CRUMBLIES…4 crumblies

Oh! What fun!

Old Jack comes to you a stunned man who has had his soul refreshed…

For two hours in the unexpectedly sparkly company of Judi Dench (sparkly and a bit dim) and Dustin Hoffman (pre #metoo, shy and adoring of Dench’s sparkly) in a colourful combination of Richard Curtis and Roald Dahl‘s heads is…well, so heartening an old man might skip or possibly sing. Huzzah for Roald Dahl’s Esio Trot!

Hoffman plays Mr Hoppy, who pretty much lives for the plants on the balcony of his flat, utterly in love with Dench’s Mrs Silver who pretty much lives on the balcony below with her small tortoise. Hoppy adores her, but is so shy he cannot say. And, let’s be clear, this is so nicely done you won’t even think of puking.

And……………. I’m ignoring that the Weinsteins co-produced this film and that a couple of the tortoises are named after them. Get with the joy, people.

Tortoises. Spell Esio Trot backwards and, like My Hoppy tells Mrs Silver, the bedouin chant of backwards-English will make your tortoise grow bigger, faster. His plan is to trigger her love for him by smuggling a bigger tortoise onto her balcony every day until she has one as huge as her heart demands. To make this work, Hoppy buys every tortoise in London, filling his flat with wandering shells, and winching  them down to her balcony when her back is turned.

Silly. Funny. Gently done. Curtis and Paul Mayhew-Archer, with the deft edits of Emma Freud, make this tale of two old folk finding each other really rather wonderful. For their age is the least of things – and in this kind of fairy tale that seems important. They have slapstick (Hoffman’s stuntman has a bit of work to do dangling off balconies) and Richard Cordery as Mr Pringle, a competitor for Mrs Silver’s affections. He is lanky and presumptuous, charming and detestable. Old Jack’s favourite scene, played out as knowing, tortoisely-paced slapstick, is the meal between all corners of this love triangle: enmity, adoration and duped stupidity bounce about over a meal made between a hundred hidden tortoises. Lovely stuff.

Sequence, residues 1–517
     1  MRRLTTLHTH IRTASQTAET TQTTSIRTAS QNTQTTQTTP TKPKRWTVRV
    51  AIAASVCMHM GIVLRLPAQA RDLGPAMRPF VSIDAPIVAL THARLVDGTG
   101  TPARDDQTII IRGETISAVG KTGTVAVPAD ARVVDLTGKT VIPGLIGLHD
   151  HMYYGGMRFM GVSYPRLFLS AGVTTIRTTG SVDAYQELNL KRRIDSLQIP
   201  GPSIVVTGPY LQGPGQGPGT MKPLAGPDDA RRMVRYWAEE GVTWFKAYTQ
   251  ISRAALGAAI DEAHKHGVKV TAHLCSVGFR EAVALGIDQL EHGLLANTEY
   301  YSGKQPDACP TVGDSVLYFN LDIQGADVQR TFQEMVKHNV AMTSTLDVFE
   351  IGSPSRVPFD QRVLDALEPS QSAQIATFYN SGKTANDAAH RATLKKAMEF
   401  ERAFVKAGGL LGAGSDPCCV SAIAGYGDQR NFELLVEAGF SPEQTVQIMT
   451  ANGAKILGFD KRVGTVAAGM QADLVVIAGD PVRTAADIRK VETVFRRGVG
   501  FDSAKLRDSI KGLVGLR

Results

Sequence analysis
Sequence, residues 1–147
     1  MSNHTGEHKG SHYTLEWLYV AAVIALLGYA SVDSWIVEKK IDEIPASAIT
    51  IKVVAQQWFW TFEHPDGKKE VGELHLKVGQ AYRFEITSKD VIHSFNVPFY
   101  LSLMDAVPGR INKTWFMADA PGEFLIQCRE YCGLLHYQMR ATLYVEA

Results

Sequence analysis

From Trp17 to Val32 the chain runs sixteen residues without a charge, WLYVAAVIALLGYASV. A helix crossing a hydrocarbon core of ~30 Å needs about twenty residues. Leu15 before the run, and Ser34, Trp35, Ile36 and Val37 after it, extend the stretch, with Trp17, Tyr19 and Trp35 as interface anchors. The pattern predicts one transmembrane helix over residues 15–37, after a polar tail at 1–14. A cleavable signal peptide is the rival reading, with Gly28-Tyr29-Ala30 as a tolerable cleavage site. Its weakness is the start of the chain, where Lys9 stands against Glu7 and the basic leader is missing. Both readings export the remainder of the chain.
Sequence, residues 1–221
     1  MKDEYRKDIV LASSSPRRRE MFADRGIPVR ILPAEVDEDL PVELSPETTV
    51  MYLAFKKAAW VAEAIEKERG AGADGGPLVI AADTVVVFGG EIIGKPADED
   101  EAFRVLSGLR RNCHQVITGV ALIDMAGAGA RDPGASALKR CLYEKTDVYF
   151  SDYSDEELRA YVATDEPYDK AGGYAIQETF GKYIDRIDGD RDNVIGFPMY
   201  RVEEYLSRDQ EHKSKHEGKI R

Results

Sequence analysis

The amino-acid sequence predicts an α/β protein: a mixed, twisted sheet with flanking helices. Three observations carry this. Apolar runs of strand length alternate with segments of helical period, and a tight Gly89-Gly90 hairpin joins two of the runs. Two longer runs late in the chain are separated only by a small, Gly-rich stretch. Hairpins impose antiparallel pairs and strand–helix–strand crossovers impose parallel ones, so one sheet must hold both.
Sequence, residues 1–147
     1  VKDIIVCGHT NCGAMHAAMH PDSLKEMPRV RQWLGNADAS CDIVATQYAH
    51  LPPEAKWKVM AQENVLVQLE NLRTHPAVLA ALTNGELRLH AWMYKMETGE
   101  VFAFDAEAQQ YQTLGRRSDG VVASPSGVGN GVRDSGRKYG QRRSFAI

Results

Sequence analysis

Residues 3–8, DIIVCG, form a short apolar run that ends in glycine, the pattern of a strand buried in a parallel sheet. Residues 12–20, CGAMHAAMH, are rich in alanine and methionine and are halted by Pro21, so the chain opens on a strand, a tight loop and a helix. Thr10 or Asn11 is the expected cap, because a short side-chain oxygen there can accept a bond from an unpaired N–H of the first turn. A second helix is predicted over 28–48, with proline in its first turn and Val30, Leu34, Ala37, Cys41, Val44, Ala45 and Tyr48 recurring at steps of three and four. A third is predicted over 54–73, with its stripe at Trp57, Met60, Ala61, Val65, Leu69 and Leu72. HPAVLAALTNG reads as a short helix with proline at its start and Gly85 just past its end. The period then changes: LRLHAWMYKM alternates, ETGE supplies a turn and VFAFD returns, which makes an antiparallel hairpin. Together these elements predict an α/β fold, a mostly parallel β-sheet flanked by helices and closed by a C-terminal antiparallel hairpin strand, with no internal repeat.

James Corden is the narrator telling us and his adorable daughter the story of Mr Hoppy and his love plan. He exists in Richard Curtis World, a London of bright lights, clean buses and directorial tricks (frames and a mirror, that’s all I’m saying). He outstays his welcome, to be honest, but perhaps that’s just respect for Roald Dahl the author going a smidge too far. The fairy tale needs its teller.

I’ll not rabbit on. This is a film warm enough to dump the review and go watch now. There is a final tension, as in all such films. A risk has to be taken. An ending results…but you should enjoy that with a pile of sugary things and your grandkids at your side. Quit reading this and let tortoises and love rule your day.

And leave your cynicism in bed.